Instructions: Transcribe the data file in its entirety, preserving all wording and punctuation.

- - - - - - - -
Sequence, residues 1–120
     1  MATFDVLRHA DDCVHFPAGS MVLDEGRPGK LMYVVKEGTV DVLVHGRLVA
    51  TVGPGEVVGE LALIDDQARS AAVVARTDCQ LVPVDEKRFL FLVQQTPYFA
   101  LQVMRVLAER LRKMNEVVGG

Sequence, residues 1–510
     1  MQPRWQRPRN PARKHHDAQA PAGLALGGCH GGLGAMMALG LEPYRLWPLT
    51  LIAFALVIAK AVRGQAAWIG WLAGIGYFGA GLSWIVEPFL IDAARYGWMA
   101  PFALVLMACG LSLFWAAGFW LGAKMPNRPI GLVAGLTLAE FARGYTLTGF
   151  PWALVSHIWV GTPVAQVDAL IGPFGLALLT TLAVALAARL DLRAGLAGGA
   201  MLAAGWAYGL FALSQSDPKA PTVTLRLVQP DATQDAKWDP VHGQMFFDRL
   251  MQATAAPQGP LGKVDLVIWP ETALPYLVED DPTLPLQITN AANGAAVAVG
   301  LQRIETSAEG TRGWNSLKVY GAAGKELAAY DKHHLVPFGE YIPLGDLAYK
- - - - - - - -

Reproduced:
Sequence, residues 1–120
     1  MATFDVLRHA DDCVHFPAGS MVLDEGRPGK LMYVVKEGTV DVLVHGRLVA
    51  TVGPGEVVGE LALIDDQARS AAVVARTDCQ LVPVDEKRFL FLVQQTPYFA
   101  LQVMRVLAER LRKMNEVVGG

Sequence, residues 1–510
     1  MQPRWQRPRN PARKHHDAQA PAGLALGGCH GGLGAMMALG LEPYRLWPLT
    51  LIAFALVIAK AVRGQAAWIG WLAGIGYFGA GLSWIVEPFL IDAARYGWMA
   101  PFALVLMACG LSLFWAAGFW LGAKMPNRPI GLVAGLTLAE FARGYTLTGF
   151  PWALVSHIWV GTPVAQVDAL IGPFGLALLT TLAVALAARL DLRAGLAGGA
   201  MLAAGWAYGL FALSQSDPKA PTVTLRLVQP DATQDAKWDP VHGQMFFDRL
   251  MQATAAPQGP LGKVDLVIWP ETALPYLVED DPTLPLQITN AANGAAVAVG
   301  LQRIETSAEG TRGWNSLKVY GAAGKELAAY DKHHLVPFGE YIPLGDLAYK